Blending In

14

Andrea Hinderaker
Staff

Listening House has a welcoming energy to me. The mismatched chairs, coffee stained floors and day-old donuts are expected, almost comforting amenities. There is a familiarity and often a sense of peace as I head home that I did my best and will have another opportunity tomorrow.

Though familiarity can be an asset to my effectiveness, it can also come with certain blindness. Our ramp illustrates my point. Most often people looking for a moment of peace or a place to stretch out and sleep claim their spot here. Staff travels up and down this ramp a million times passing the same, mostly quiet people. They are my constants when things feel squirrely in our living room.

Connie was a ramp guest. She often was sleeping off a meth run, and would silently curl up under a blanket. When fully rested Connie had a quick wit – a bit sarcastic and laced with a street edge. Sometimes she would nurse pains in her back that would bring her to tears. Over the months I watched Connie fall in love, mourn a lost pregnancy, celebrate time with her grandchildren.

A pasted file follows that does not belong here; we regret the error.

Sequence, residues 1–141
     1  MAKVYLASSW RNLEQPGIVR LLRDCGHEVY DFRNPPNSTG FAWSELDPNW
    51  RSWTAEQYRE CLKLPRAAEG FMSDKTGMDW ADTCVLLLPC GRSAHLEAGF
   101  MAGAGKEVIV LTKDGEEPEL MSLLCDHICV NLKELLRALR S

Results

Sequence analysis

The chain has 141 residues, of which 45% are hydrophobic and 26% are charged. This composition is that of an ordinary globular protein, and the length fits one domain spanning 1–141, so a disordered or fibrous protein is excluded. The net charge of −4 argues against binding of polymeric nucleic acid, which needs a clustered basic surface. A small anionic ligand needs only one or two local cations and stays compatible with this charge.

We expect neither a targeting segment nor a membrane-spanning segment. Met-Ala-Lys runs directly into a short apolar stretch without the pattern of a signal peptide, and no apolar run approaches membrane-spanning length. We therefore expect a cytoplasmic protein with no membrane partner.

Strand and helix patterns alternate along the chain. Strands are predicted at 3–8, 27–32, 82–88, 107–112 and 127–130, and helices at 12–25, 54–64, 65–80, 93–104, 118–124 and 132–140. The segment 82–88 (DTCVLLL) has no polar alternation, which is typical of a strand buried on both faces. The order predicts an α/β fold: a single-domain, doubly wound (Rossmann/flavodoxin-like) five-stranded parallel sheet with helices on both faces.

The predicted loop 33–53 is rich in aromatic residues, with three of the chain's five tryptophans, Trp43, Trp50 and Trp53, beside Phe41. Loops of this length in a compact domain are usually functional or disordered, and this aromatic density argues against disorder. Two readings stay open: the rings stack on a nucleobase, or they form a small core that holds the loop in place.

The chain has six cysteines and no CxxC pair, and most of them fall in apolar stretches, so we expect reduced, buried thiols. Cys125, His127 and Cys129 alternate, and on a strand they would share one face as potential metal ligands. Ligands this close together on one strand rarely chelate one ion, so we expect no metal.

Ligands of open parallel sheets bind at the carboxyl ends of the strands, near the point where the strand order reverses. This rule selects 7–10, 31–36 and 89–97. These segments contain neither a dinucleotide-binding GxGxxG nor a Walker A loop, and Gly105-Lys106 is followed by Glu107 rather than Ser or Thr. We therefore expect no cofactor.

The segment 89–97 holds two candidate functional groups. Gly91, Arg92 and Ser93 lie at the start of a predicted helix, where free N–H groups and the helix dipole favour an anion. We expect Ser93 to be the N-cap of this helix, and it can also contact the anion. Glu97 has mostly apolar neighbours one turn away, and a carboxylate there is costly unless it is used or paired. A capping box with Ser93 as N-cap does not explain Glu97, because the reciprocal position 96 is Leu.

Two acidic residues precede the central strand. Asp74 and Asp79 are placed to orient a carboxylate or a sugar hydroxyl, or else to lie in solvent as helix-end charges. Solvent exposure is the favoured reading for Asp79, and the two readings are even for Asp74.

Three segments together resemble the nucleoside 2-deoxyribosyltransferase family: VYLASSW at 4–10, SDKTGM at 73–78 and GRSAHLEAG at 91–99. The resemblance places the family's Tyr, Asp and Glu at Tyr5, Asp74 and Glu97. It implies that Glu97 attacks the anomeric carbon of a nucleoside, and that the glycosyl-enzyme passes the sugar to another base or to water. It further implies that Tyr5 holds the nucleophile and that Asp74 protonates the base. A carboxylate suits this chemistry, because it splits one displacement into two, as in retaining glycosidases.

I simply expected to see Connie in her spot, never thinking she was out of place. That was until the day I asked her, about her. As it turned out, Connie had been running from a drug charge for seven years. She stayed at a local shelter under an alias the shelter staff accidentally gave her. She was afraid if she entered any formal services she would be exposed. Over the next few months she and I worked on taking care of her warrant, which included Connie walking back to St. Paul from Hastings after turning herself into the authorities. We helped her get a birth certificate to get reinstated at the shelter under her given name.

The next step was treatment, with hopes of moving into transitional housing. . .

One hundred plus days later, Connie is gone from Listening House. She successfully completed treatment and is now living in her own place. She is getting back into life as a sober woman, repairing many relationships, severing others. She calls to check in but still, there is sadness in my heart. Connie was a source of great comfort to me. She was the smile I could count on when I just wanted to pull out my hair. She was my sarcastic equal, she was my friend.

Now she’s in the big world, perhaps blending in somewhere as we all do while we live our routine lives. Maybe her aches and pains will lesson as she continues to enjoy the softness of a bed and steady meals. As she continues to heal she will likely touch many more lives than she ever could have on our floor.

Connie’s place on the ramp was quickly filled . . . but no longer do I simply pass by.

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